UTICA — More than 45 communities statewide — including Utica, Rome, Syracuse, and Binghamton — will use a total of $9 million in grant funding to try to reduce the number of “zombie” homes.
Zombie homes are vacant or abandoned homes that aren’t maintained during a prolonged foreclosure proceeding, according to the office of New York Attorney General Letitia James. The attorney general announced the grants during a visit to Utica on July 10.
Besides Utica, Rome, Syracuse, and Binghamton, the cities of Auburn, Elmira, Fulton, Geneva, Ogdensburg, and Oneonta will also receive funding from the program dubbed “Zombies 2.0.”
The funding from “Zombies 2.0” will provide 48 municipalities with the resources needed to address housing vacancy and blight, James contends. The program is a result of the $500 million settlement in 2018 between the attorney general’s office and the Royal Bank of Scotland. The settlement was over the bank’s “deceptive practice and misrepresentations to investors relating to the packaging, marketing, sale, and issuance of residential mortgage-backed securities (RMBS) that can lead to financial crisis,” the attorney general said.
“The City of Utica and the attorney general’s office work for the same residents, and we will be vigilant in protecting our residents and their quality of life,” Utica Mayor Robert Palmieri said in a news release issued by the attorney general’s office. “This project and this partnership is an example of that vigilance and it gives us more tools to fight for our residents, our communities, and the beauty of our City and our great state.”
To be eligible, cities, towns, and villages had to have at least 5,000 residents and more than 100 vacant properties individually, or combined in the case of joint applications. Through these funds, these municipalities should be able to improve data collection and analysis to track vacant and abandoned properties.
They’ll also be able to invest in new technology to better collect and analyze data to address the collective impact of vacant properties on neighborhoods.
The communities will also have the means to create “zombie coordinators” and task forces to coordinate code-enforcement activities and resources.
In addition, grant recipients can boost capacity of code enforcement and legal departments to enforce relevant laws to hold lienholders accountable or seek remedies to improve housing quality; and connect at-risk homeowners to foreclosure-prevention resources, the release stated.
“Too many communities throughout New York State are blighted by abandoned homes that decrease property values and threaten the safety of our neighborhoods,” James said. “These grants will go a long way in supporting municipalities and ensuring they have the resources they need to combat this nuisance.”
The selected municipalities will use grants ranging between $50,000 and $500,000 each, based on the size of the community, the scale and severity of their zombie problems, and their proposed use of such funds.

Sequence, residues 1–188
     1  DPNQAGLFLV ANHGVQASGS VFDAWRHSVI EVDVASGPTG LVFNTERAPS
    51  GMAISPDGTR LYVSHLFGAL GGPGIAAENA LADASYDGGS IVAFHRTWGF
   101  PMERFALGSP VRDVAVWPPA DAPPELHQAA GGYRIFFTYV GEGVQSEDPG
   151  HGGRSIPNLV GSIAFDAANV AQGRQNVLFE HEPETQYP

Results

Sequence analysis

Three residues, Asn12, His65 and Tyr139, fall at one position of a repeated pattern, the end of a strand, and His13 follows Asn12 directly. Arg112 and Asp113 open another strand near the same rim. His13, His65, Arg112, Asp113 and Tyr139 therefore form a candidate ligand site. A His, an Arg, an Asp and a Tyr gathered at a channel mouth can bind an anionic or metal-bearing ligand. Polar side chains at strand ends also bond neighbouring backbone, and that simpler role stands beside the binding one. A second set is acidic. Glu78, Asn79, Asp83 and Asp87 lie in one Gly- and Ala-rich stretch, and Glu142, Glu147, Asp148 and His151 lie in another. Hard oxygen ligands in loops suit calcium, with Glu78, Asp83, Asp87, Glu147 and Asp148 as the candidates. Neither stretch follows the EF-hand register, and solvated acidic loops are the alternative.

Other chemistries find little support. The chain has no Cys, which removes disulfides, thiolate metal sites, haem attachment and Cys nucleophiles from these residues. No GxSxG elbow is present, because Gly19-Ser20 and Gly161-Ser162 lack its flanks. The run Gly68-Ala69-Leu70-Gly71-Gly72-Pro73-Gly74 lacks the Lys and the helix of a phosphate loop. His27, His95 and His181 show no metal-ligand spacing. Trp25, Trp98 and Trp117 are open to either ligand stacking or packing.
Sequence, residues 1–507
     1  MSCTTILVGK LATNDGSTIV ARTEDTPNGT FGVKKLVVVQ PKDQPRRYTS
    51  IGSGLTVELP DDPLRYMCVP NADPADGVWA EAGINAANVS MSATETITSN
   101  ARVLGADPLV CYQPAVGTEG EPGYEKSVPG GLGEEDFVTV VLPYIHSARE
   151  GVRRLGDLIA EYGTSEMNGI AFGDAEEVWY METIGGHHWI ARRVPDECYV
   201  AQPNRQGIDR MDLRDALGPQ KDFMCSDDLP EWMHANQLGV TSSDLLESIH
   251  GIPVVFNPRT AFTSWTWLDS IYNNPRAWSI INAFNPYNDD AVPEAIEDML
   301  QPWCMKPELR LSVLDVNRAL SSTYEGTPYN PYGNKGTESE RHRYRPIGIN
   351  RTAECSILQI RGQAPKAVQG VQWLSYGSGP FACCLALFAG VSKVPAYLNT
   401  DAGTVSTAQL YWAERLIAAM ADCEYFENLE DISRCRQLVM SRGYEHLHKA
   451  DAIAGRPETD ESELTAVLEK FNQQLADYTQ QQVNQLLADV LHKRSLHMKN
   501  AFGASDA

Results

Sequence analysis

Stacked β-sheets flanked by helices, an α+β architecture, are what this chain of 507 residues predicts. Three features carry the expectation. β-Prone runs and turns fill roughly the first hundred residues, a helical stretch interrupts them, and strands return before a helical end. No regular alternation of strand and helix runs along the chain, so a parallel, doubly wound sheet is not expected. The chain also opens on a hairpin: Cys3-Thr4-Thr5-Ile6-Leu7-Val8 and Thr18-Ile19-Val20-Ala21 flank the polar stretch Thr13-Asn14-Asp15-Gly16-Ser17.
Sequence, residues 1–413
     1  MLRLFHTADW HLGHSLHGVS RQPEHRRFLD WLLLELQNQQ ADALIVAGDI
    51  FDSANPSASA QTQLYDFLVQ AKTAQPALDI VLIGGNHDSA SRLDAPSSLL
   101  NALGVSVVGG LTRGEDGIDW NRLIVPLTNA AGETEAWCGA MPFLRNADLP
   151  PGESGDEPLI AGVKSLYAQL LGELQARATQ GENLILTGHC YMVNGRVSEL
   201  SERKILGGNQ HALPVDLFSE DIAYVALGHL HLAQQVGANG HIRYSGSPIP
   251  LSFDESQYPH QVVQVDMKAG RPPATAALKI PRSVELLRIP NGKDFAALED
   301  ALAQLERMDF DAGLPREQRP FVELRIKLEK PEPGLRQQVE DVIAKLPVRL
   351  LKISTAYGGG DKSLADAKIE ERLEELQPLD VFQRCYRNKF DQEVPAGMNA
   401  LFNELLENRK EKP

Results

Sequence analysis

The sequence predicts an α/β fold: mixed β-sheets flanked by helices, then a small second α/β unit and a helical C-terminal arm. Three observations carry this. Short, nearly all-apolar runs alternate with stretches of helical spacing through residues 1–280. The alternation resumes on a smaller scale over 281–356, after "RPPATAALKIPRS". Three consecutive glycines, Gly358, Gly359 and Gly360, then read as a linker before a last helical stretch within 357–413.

The grant awards continue the 2016 Zombie Remediation and Prevention Initiative. The New York attorney general’s office created the program to address housing challenges, “especially vacancy and blight.” It also tracks and monitors vacant, abandoned properties to help cities and towns to clear out zombie properties, the attorney general said.
The creation of the Zombie Remediation and Prevention Initiative coincided with the passage of the New York State Abandoned Property Neighborhood Relief Act of 2016, or what is known as the “Zombie Law,” per the release.
It requires banks and other mortgagees to externally maintain vacant one-to-four family houses during the foreclosure process or face a potential penalty of up to $500 per day per property. Zombie grantees used funds to bolster legal efforts to enforce the Zombie Law by issuing citations to noncompliant mortgagees or in some cases taking mortgagees to court to enforce the law.
The New York City–based Local Initiatives Support Corporation (LISC) handles the program with funds given by Columbia, Maryland–based nonprofit Enterprise Community Partners, the attorney general’s office said.
LISC issued applications to municipalities based on the number of abandoned residential properties, the proportion of such properties compared to the overall number of residential properties, and its level of general economic distress.
“I would like to thank Attorney General Letitia James and the staff of LISC for allowing the City of Rome to continue its work in combating blight and holding absentee banks and landlords liable for abandoned property,” Rome Mayor Jacqueline Izzo said in the release. “The second round of funding will allow us to continue strengthening our codes enforcement, hold absentee landlords and banks accountable for neglected property, assist in controlling blight and ultimately transforming neighborhoods.”